Director: Tomas Alfredson
Starring: Gary Oldman, Benedict Cumberbatch, Colin Firth, Toby Jones, Ciarán Hinds, David Dencik, John Hurt, Mark Strong, Tom Hardy
UK Release date: 16 September 2011
Certificate: 15 (127 mins)
Question: how do you take a book which is part-social commentary, part-study of human nature and all complex, slow-moving spy novel driven by research, and turn it into a two-hour film?
Answer: with great difficulty.
Tinker Tailor Soldier Spy is an attempt to adapt one of John Le Carré’s most popular novels for the big screen. It has all the advantages of a stellar cast at its disposal, with Toby Jones, Colin Firth, Ciarán Hinds and David Dencik as the four suspects, one of whom is a mole feeding British intelligence to the Russians. However, they are given very little to do and Gary Oldman steals the screen as George Smiley. He is characteristically unrecognisable as himself, inhabiting his character so entirely. He is perfect as Smiley – completely unassuming, the sort of man you wouldn’t look twice at in the street, an experienced spy who approaches every task with the same cold, calm calculation. Benedict Cumberbatch is also excellent as the less-experienced Peter Guillam, portraying with ease his anxiety and lack of confidence.
Tomas Alfredson’s film works well as a piece of cinema but less so as an adaptation of the novel. The first problem is the script. It should be evident even to those who have not read the book that there is more than one hand at work here. Hint: the well-chosen phrases and natural-sounding dialogue are Le Carré’s; the awkward, wooden ones belong to someone else. At times, even Le Carré’s original dialogue is made to sound awkward by the editing and redistribution of lines so that they are bereft of their original contexts.
It is natural that elements of the plot should be cut to ensure the film is of an appropriate length, but much greater care should have been taken in the redrafting of the story. The beginning of the film is choppy and it is some time before it hits a comfortable stride. Some scenes, such as Smiley’s visit to Oxford, are given such short shrift as to be almost useless and one wonders why they were not cut altogether. This creates a clumsiness, which belies the smooth coherence of the novel.
What I lament most is that the depth and tension which I found so compelling in the book have not found their way into the film. The novel is a complex puzzle with Smiley slowly, calmly sifting through layer upon layer of information to find the relevant pieces and put them together. The novel is held together by a brilliantly-constructed tension that comes from distrust and paranoia because this is a story of spies spying on spies: we’re watching them, but they’re watching us, and who will make the first mistake? This tension is highly underdeveloped in the film, not to mention the fact that the spies of the film are hardly recognisable. The reader is steeped in Le Carré’s world of espionage where men are trained to be inconspicuous and to notice the smallest detail, where a watcher can change his disguise, but if he doesn’t change his shoes, he’ll be found out; they are professionals, shadow men. The film’s spies by comparison are a bunch of blundering elephants – opening curtains in a flat they shouldn’t be in, driving in their own car straight up to a house they shouldn’t even know about.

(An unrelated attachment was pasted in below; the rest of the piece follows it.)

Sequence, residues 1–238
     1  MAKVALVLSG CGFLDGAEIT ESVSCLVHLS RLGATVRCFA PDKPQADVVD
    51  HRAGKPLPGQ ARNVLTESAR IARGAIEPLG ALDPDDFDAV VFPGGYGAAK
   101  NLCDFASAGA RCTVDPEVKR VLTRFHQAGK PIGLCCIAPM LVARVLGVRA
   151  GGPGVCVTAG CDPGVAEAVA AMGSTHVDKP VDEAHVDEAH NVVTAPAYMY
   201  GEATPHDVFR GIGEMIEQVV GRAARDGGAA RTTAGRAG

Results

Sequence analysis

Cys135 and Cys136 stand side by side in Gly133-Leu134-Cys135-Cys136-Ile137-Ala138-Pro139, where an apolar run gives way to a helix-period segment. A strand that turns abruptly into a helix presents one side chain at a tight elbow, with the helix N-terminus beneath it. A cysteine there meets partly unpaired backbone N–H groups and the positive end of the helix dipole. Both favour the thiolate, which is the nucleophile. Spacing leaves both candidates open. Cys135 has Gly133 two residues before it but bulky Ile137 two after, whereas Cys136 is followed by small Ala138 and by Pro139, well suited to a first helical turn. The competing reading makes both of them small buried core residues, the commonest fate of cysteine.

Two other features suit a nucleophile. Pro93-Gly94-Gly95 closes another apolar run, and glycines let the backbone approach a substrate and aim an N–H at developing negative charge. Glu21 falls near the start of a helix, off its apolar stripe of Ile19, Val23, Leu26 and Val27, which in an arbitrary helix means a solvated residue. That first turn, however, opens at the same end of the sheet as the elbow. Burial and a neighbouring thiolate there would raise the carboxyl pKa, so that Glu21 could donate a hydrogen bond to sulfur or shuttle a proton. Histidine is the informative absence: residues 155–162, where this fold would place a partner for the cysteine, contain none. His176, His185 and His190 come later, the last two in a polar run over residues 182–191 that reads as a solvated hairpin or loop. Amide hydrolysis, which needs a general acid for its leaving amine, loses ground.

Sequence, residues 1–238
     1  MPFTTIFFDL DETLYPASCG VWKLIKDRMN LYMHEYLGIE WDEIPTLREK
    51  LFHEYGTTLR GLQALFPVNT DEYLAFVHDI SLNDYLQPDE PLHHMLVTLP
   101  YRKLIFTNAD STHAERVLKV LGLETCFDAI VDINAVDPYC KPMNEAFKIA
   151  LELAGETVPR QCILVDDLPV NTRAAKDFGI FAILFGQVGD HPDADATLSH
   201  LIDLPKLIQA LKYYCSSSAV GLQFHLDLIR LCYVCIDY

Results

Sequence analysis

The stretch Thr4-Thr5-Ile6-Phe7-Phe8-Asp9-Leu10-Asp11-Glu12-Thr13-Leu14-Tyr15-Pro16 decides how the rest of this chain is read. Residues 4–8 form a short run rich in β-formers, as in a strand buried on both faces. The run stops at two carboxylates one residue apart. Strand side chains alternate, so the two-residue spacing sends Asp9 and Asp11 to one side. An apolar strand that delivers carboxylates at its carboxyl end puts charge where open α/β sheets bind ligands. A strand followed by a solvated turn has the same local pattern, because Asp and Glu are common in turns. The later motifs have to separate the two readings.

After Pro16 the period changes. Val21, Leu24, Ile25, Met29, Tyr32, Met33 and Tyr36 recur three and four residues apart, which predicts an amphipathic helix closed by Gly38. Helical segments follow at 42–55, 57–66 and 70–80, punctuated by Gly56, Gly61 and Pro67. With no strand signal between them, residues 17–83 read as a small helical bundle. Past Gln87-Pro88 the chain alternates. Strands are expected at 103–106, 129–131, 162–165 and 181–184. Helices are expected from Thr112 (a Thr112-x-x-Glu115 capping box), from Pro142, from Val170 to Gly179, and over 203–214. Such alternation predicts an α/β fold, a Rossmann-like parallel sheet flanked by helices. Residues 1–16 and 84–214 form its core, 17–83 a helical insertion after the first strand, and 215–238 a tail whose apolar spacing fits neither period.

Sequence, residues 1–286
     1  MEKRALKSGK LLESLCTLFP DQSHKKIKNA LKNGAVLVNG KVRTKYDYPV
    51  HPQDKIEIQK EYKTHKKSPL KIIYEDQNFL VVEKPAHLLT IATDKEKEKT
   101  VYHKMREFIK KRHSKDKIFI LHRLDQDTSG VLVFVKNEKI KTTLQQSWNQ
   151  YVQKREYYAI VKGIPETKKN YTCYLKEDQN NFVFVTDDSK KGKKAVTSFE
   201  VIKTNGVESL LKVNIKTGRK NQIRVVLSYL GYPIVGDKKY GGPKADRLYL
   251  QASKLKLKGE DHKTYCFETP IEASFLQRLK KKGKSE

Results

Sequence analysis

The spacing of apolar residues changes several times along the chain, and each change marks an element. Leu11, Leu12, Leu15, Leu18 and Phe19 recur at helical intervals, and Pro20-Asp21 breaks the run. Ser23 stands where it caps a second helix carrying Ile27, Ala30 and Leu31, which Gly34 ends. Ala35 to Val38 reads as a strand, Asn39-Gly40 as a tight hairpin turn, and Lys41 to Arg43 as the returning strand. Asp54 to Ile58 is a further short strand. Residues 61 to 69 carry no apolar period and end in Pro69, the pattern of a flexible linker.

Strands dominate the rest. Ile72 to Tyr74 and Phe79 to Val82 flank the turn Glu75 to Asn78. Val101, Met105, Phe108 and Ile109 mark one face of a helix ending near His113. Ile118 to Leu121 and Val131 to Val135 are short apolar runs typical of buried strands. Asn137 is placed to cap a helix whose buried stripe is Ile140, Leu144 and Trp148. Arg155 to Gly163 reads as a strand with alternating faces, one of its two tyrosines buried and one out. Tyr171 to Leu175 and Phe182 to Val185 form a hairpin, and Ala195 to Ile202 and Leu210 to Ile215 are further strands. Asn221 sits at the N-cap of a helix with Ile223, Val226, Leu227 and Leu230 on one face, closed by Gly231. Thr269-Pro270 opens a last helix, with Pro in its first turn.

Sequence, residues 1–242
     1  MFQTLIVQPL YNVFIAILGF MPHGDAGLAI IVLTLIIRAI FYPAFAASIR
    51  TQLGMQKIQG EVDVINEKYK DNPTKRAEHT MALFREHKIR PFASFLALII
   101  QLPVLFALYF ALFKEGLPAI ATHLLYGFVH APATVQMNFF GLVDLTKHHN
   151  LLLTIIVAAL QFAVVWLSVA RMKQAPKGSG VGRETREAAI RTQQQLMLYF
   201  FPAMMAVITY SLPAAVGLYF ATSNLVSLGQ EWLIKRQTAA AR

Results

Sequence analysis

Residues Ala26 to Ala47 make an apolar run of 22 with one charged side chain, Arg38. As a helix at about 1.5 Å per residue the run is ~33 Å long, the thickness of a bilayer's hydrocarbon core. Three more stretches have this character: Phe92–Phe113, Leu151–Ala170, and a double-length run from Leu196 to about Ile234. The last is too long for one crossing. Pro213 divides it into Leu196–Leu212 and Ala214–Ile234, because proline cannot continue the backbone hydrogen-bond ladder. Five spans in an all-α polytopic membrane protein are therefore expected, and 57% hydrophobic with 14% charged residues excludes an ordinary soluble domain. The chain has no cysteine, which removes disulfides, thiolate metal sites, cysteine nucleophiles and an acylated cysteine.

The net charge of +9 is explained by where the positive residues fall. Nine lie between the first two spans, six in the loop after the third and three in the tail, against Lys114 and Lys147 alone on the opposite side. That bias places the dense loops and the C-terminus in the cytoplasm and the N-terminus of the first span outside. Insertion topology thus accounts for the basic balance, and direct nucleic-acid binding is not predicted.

For its atmosphere, the film relies predominantly on conjuring up feelings of the past. It is strange to think that when Le Carré wrote his novel it was set in the present, but in the inexorable march of time that present has become a barely-remembered, though not-so-distant past. In our digital age of fast-paced information overload, there is something fascinating about a time when documents existed only in physical form and spies recorded telephone conversations on tape. The atmosphere is well created and maintained, drawing the viewer into this world of Cold War intrigue, though it does tend to border on nostalgia.
The social dimension of this atmosphere, though it is integral to the plot and adds depth to the novel, is completely ignored in the film. These men are a microcosm which represents the struggle of the British people to reform their identity and find a new place in the world following the Second World War. Smiley and the mole both belong to a generation brought up to defend an empire but who were then left with no empire to defend, while Guillam represents the post-war generation who romanticise the past. This social angst also provides the key to the mole’s defection. Witnessing Britain’s decline from global power, he saw himself being forced to choose between America and Russia. It is unfortunate that the filmmakers decided to cut this aspect of the story because, in addition to the novel’s well-modelled characters and finely-crafted plot, the tension and the study of this social phenomenon give it a level of brilliance which the film does not share.
Tinker Tailor Soldier Spy is entertaining, but it fails to engage with the fundamental aspects of spy culture and post-war British identity which could have made it a much more interesting and memorable film.
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